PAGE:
play, and the ability to disappear, or become lost. And a good adventure playground includes a
mix of these. Designers also focus on separation of space. To give kids the feeling of discovering things
on their own, parents have to stay out. That can mean installing a physical barrier
— or providing things like restrooms, cafés, and seating, so that parental experience isn’t
an afterthought. Finally, designers fill it with loose parts. These are the manipulatable objects — the
planks, barrels, bricks, and tools — that fuel risky play. The idea behind all these design elements
is that kids respond well to being treated seriously: if they’re presented with risky
items with a serious functional purpose, they’ll respond cautiously and conduct more experimentation. But if presented with an overly safe, static
space, they often wind up seeking dangerous thrills that the built environment fails to
provide, which can result in higher injury rates than risky play at adventure playgrounds. In the US, a culture of lawsuit-proof playscape
design means that overly safe playgrounds are the norm. And design philosophy has focused on how to
reduce height, movement, and hard materials. That hasn’t made playgrounds better. When Marjory Allen visited American playgrounds
in 1965, she called them “an administrator’s heaven and a child’s hell.” But adventure playgrounds have recently begun
to catch on in the US — perhaps due to an effort to introduce more unstructured play. And their construction comes with a fair share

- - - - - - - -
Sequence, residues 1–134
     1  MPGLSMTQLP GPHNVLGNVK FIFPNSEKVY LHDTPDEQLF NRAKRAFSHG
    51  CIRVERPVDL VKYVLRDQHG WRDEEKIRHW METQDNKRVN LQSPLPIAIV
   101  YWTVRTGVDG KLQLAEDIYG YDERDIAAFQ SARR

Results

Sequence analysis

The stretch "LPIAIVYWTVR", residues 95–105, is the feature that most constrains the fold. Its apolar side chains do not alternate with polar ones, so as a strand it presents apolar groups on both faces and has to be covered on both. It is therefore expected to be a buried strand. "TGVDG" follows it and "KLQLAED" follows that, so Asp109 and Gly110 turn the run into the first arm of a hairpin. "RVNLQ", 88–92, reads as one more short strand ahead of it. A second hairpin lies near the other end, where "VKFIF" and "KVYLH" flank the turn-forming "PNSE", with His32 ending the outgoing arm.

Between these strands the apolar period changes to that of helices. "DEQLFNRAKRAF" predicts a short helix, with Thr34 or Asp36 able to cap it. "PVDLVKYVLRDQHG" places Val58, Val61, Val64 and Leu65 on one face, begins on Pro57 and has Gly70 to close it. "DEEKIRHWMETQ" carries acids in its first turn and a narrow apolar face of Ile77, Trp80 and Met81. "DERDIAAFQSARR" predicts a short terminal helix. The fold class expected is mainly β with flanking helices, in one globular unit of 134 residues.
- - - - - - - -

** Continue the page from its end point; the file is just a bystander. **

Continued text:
of criticism. “They’re making kids play with hammers
and nails — that’s not adventure, it’s just work. They’re tricking kids into building their
own playground. Adventure playgrounds do have downsides: They’re
pretty ugly, they require a lot of space, and they need resources to staff and maintain. And as with any playground, there is opportunity
for injury. But the underlying philosophy of risky play
can help kids live better lives. For one thing, riskier playgrounds encourage
more activity. A study comparing playgrounds in London, where
risky play spaces are popular, to those in San Francisco, Los Angeles, and New York found
that children using London’s playgrounds were up to 18 percent more physically active. The London playgrounds were cheaper and boasted
fewer injuries, too. And multiple studies have shown that children
who engage in risky play have better risk detection, creativity, and self esteem. The playground is one of the only kinds of
architecture designed specifically for children. And if the standard model we’ve decided
on is seen as boring by its users — that’s a problem. Better design can fix that — even if it’s